I might have a quilt that says “Hannah, 1856.” So, I don't know where Hannah lived. I may have bought it in Pennsylvania, so it's reasonably likely that it comes from Pennsylvania, maybe Lancaster. But is she a Mennonite? Is she Amish? Is she something else? Is she young? Is she a little girl? Is she a teenager? Is she a young mother? Is she working on it with somebody else? Is she a widow? Is she alone? Is she older? These things I don't know. And I have to just accept, whereas in my own work, being essentially self-taught by trial and error about finding photographs and about finding out what actually happened, I investigate the past with my team to the best of our abilities.
Gettysburg, Pennsylvania 1863 (Photo Credit: Library of Congress)
With the photographs, I wanted to go back to the open spirit of just looking at a photograph. Minimal caption says “New York in 1863,” and there's a beautiful shot of people looking at some sign. It’s on the right-hand page. It’s a photo of people outside of a newspaper office reading the list of the dead from Gettysburg. And on the left-hand page is Timothy O’Sullivan's famous photograph “Harvest of Death,” as he called it, which is several American bodies lying out in a field at Gettysburg. And so those photographs are definitely talking to one another in a kind of thematic way. Are people reading death notices about specifically those people? Probably not. The chances are infinitesimally small that they are. But in our configuration in this book, they are deeply related to one another.
Robin Lindley: You do a wonderful job of introducing people to primary sources with the narration in your films. And you’re renowned for your scrupulous use of photographs that match the narration. I had a professor who didn't like a lot of American documentaries in the sixties and seventies because they repeatedly used stock footage that wasn’t specific to the story, but he enjoyed BBC documentaries such as The World at War series because—as you do—they obviously took pains to match the photographs and film segments with the narration. And I noticed that you had worked for the BBC early on in your career.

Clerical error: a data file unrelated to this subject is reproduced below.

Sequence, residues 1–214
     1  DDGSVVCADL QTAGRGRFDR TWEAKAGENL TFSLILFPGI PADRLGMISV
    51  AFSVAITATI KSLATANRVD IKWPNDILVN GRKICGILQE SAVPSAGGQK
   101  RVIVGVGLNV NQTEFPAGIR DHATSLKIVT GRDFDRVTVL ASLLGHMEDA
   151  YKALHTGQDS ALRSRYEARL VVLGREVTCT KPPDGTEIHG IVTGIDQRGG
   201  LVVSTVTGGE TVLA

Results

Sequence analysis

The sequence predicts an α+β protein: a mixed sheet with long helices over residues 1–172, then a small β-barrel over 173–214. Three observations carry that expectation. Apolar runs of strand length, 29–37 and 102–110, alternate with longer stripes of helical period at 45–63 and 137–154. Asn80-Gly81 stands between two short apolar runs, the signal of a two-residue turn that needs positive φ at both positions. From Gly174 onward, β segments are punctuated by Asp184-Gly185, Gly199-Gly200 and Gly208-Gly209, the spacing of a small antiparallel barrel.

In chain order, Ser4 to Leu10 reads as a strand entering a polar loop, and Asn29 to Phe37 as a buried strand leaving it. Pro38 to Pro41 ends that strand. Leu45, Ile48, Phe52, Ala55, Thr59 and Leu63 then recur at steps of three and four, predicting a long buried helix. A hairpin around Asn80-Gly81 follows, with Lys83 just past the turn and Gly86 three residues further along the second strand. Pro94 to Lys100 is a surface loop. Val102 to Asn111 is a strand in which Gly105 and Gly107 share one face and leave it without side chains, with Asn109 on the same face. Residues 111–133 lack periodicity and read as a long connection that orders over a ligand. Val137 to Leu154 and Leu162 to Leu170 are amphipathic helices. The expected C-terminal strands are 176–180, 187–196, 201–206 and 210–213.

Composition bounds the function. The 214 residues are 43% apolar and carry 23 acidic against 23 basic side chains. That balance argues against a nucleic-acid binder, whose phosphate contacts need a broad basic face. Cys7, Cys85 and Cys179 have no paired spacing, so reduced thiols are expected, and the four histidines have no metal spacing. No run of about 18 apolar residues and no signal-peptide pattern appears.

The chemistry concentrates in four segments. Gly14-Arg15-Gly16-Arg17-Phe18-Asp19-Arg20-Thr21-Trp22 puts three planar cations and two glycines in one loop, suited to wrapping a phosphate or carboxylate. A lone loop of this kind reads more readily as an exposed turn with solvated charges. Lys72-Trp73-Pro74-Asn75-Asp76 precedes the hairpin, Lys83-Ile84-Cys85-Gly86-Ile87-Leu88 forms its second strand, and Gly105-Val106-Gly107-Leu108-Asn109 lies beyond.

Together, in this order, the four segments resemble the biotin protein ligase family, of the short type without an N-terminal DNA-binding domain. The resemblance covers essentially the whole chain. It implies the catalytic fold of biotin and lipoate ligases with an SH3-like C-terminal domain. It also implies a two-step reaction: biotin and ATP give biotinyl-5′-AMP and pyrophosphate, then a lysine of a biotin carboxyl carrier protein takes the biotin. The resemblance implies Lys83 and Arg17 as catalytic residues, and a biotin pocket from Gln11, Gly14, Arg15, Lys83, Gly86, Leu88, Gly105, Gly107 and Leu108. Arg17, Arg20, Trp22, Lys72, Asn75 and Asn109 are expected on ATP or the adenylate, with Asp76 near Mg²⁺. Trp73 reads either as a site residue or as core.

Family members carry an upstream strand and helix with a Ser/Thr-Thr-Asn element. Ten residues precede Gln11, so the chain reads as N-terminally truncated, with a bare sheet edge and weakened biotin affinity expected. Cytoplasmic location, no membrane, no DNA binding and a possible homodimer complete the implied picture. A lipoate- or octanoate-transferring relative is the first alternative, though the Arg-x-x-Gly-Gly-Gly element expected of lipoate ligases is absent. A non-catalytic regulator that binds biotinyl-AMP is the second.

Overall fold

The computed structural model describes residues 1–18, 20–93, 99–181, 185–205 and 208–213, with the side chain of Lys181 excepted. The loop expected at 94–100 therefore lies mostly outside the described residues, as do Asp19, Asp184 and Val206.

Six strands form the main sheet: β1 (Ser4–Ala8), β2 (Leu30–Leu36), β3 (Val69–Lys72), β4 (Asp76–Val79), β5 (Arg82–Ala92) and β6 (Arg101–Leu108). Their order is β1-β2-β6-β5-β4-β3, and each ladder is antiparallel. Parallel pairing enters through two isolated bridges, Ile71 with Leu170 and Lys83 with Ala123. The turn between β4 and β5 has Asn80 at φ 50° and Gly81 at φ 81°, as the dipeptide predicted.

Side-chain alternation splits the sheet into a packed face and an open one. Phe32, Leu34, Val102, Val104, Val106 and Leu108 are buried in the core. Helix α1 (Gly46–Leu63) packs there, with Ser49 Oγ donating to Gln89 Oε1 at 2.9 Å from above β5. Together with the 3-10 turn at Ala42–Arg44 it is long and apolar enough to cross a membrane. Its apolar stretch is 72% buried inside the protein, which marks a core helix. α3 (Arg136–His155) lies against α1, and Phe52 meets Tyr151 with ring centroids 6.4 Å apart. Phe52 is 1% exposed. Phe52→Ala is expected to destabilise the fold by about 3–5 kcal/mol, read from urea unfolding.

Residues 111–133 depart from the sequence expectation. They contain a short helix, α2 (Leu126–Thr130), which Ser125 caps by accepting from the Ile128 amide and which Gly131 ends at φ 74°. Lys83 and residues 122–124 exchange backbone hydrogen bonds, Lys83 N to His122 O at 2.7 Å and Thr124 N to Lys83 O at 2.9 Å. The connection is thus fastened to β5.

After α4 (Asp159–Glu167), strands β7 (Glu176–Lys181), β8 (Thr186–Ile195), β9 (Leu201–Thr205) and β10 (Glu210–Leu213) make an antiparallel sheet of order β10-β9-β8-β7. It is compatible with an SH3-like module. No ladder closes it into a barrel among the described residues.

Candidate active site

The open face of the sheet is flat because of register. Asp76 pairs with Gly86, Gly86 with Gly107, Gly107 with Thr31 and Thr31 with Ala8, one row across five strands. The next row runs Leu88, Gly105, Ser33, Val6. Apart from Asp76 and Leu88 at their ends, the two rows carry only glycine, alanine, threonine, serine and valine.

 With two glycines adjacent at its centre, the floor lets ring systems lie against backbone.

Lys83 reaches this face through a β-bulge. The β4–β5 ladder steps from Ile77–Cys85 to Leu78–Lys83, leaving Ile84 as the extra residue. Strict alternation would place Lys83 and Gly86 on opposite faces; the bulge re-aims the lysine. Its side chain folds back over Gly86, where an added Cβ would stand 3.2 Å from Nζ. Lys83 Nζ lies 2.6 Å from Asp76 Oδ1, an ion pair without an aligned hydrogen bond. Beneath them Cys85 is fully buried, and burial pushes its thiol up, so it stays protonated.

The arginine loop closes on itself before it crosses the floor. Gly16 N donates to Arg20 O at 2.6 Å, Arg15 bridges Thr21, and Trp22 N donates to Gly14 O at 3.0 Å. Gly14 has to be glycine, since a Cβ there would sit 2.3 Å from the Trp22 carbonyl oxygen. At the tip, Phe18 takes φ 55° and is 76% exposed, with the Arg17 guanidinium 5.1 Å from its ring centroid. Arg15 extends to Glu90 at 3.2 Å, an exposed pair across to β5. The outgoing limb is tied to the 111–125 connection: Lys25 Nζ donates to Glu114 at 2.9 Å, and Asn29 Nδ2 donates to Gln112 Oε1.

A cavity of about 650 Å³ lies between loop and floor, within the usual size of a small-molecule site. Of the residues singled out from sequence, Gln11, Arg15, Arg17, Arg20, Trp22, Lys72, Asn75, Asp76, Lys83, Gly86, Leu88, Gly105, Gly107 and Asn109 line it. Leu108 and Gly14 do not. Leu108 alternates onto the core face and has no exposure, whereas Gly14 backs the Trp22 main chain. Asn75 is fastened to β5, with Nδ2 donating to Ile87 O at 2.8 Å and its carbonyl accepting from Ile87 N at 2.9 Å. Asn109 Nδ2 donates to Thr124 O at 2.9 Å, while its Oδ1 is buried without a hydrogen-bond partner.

Ken Burns: Yes. My work for the BBC was just to pay the rent and it was usually something they were shooting in the United States. I learned nothing about archival research from them, but we did decide, for example, in The Civil War that, outside of introductory paragraphs, we would never show a dead body that wasn't from the battle we were talking about because somebody's mother, however long she’d been gone, deserved to have the dead from Shiloh not appear at, say, Antietam, and vice versa.
Robin Lindley: We’re living at a time of deep polarization and peril to our democracy. You mention in your book’s introduction that “assembling photographic evidence of our collective past might help heal our divisions.” What do you mean? How can photos do that?
Ken Burns: I wanted to do this book because I wanted to express our history in this way. Once the book is done, it's really no longer mine. It's whoever has it in their hands. And while yes, we are deeply divided, we also know spectacularly how to come together again.
And what I wanted to do is very important in that I use the word “our,” and it goes along with “us,” which is the lowercase two-letter, plural pronoun that has as in its capitals, its partner, the U.S. And so I've been studying the U.S. for decades and decades, but I've also been studying us. And as the introduction says, I've come to the conclusion there's no them. And that's important because, if anyone calls you them, that's a hallmark of division, but there's always somebody other than you.
A book like this is just an attempt to gather the entire family of people together and say, “This is all of us.” And if we could see it in that way, many of the things that we find so agitating in the moment dissolve in the face of seeing a young mother with her ebullient child on a stoop in Lincoln, Nebraska, in 1915. There's no mother on earth who doesn't know the joy of being connected to someone who is exhibiting so much joy regardless of what color their skin may be. And that's an important part of erasing the silos that we put ourselves into that exacerbate the division. So, I think photography is a great leveler. It's a wonderful small “d’ democratic tool.
Robin Lindley: Thanks for those inspiring words, Ken, and for your thoughtful comments. And congratulations on your illuminating new photographic history, Our America, and on your tremendous contribution to sharing our history in moving and meticulously researched documentary films. You’ve brought history alive in ways that have fired the imaginations of people of all ages and backgrounds. Best wishes on all of your inspiring work.
Robin Lindley is a Seattle-based attorney, writer and features editor for the History News Network (historynewsnetwork.org). His work also has appeared in Writer’s Chronicle, Bill Moyers.com, Re-Markings, Salon.com, Crosscut, Documentary, ABA Journal, Huffington Post, and more. Most of his legal work has been in public service. He served as a staff attorney with the US House of Representatives Select Committee on Assassinations and investigated the death of Dr. Martin Luther King, Jr. His writing often focuses on the history of human rights, social justice, conflict, medicine, art, and culture. Robin’s email: firstname.lastname@example.org.